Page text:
Yes, independents can make money

Johanna Roberts

By

July 19, 2018

Keith Henderson is only a few months into starting his Malibu Wealth Advisory practice on the Sunshine Coast, but already he has a firm idea of what kind of small business he wants to run.

For starters, he has no plans to scale up, hire full-time staff or sell the practice when it’s booming in seven to 10 years.

“I want to keep it as just me in the business,” Henderson says. “There is a sweet spot of between 60 and 80 clients that I want to get to in the next two years and if I gather any more than that, I would have to put people on…The low-overhead model suits me because I have no interest in scaling up and selling the business. I love what I do and where I live, so I see myself as a practitioner who wants to work in their own business, rather than a business owner who is hoping to grow it.”

While Henderson admits he may think small in terms of his business model, he points out he’s quite exacting as to how he conducts business.

Malibu accepts no commissions or kickbacks, including trailing commissions, Henderson says.

“It’s really important to me that I am offering my clients independent advice, and after the Hayne royal commission, it’s increasingly important to them, too,” he says. “I can sit in front of clients and recommend an insurance product because they need it, not because it benefits me, and that is a big difference.”

Some advisers claim that a certain level of commission on insurance products is necessary, but Henderson rejects that contention.

“It is possible to offer good advice while accepting commissions on insurance, but it’s just a lot easier to offer good advice if you don’t,” says Henderson, who is also a member of the Independent Financial Advisers Association of Australia.

Is it possible to make money and be thoroughly independent?

“Yes, I think it is, but it takes a while,” he says. “You need to go into the business with some capital behind you so you have time to build up your client base.”

Henderson has set aside money for the next 18 months, and expects to break even in his first year.

Before starting Malibu Wealth Advisory, Henderson worked for BT Financial Group in what he describes as a kind of “mature-age apprenticeship”.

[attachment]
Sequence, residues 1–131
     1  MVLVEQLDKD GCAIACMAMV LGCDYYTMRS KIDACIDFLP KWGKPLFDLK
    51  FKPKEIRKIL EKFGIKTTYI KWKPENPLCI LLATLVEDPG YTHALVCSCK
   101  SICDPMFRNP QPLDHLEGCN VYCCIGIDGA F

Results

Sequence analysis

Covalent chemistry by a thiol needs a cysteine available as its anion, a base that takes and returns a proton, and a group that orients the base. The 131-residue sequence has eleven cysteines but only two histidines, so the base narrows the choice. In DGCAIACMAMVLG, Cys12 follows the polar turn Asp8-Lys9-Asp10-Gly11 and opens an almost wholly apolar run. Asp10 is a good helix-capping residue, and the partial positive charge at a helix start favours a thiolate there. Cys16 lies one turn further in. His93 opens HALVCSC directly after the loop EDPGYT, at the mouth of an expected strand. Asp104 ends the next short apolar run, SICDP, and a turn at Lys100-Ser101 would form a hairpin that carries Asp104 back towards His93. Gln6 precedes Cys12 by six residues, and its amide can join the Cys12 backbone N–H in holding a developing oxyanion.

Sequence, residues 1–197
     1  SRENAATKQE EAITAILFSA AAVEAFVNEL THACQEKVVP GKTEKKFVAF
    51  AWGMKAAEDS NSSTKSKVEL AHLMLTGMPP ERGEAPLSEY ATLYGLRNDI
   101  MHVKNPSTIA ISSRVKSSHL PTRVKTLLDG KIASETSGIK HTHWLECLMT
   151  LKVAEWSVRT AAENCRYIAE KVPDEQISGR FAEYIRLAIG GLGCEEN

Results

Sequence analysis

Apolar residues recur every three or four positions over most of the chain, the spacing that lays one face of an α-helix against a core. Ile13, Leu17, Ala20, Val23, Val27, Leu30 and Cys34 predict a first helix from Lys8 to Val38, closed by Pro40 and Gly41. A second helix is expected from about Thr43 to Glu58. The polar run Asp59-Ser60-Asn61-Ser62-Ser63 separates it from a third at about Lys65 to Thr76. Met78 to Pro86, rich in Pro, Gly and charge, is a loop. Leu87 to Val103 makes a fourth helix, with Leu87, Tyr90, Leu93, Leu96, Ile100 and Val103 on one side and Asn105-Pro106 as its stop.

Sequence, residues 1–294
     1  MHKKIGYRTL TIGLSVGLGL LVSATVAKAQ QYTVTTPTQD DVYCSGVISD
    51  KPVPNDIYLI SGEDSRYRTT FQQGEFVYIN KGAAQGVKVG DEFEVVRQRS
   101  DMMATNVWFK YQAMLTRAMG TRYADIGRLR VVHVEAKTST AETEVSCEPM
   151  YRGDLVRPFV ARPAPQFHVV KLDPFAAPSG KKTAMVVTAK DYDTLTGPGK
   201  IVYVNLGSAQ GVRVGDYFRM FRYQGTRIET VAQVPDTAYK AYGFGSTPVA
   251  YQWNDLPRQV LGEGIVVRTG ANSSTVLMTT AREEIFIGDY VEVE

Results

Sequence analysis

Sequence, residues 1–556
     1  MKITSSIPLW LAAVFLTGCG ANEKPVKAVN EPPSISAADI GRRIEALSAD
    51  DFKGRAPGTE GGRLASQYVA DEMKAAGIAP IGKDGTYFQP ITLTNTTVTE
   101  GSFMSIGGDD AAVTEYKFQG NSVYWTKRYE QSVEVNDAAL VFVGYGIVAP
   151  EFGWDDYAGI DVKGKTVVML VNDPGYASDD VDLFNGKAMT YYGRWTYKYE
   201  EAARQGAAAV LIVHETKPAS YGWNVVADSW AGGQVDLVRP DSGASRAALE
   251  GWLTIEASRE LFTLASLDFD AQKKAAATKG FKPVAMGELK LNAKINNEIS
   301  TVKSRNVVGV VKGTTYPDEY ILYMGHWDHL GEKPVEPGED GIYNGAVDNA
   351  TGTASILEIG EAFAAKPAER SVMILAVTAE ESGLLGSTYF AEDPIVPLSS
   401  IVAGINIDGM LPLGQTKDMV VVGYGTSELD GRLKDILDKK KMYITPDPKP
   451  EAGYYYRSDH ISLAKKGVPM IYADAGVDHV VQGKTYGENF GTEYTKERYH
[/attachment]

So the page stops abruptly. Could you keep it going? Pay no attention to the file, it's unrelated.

“I learned a lot about the business side of things, and I really got a lot of inspiration working with small business owners, who tend to have a kind of spark about them,” he says. “It made me want to run my own show.”

Before becoming an adviser, Henderson worked as a teacher, both in Australia and overseas, and even spent some time in his late teens in the defence force.

“I learned about the importance of co-operating with others to get things done, to get ahead,” he says regarding his defence force experience

Co-operation is a skill Henderson says came in handy many times in subsequent years and especially when it came to starting his own shop.

“I am providing comprehensive advice to clients that includes modelling and investments, so this work takes time,” he says. “But as you’re doing this, you’re building up that client base and becoming known as a trusted figure in the industry, which is so important to clients.”

Henderson is also a fan of high barriers to entry, including obligatory education requirements.

“If you want to be treated like a professional, then you need to be educated like a professional,” he says. “It’s reasonable for clients to expect that we have been educated in this field, and while I agree that there may be some devil in the detail of the new education requirements, the principle is one I believe in.”

 

Name of firm: Malibu Wealth Advisory

Name of licensee: Independent Financial Advisers Australia
Time in the industry: 5.5 years; 4.5 of those as an authorised representative (financial adviser), and one year of other industry experience (BT financial group, Sydney)

Previous jobs: Small business shareholder/employee in venture-capital business in Melbourne; teacher; instructor at the Department of Defence; advanced asset management, superannuation (marketing and direct) for BT Financial Group; and adviser for BT Financial Group in retail and small business advice

Academic qualifications: master’s degree in financial planning (with distinction); master’s of teaching English to speakers of other languages; graduate certificate of professional writing; bachelor of arts degree

Accreditations: SMSF Association Specialist Advisor; Financial Planner, AFP

Professional association memberships: FPA, IFAAA, SMSFA

 


TOPICS:   Malibu Wealth Advisory

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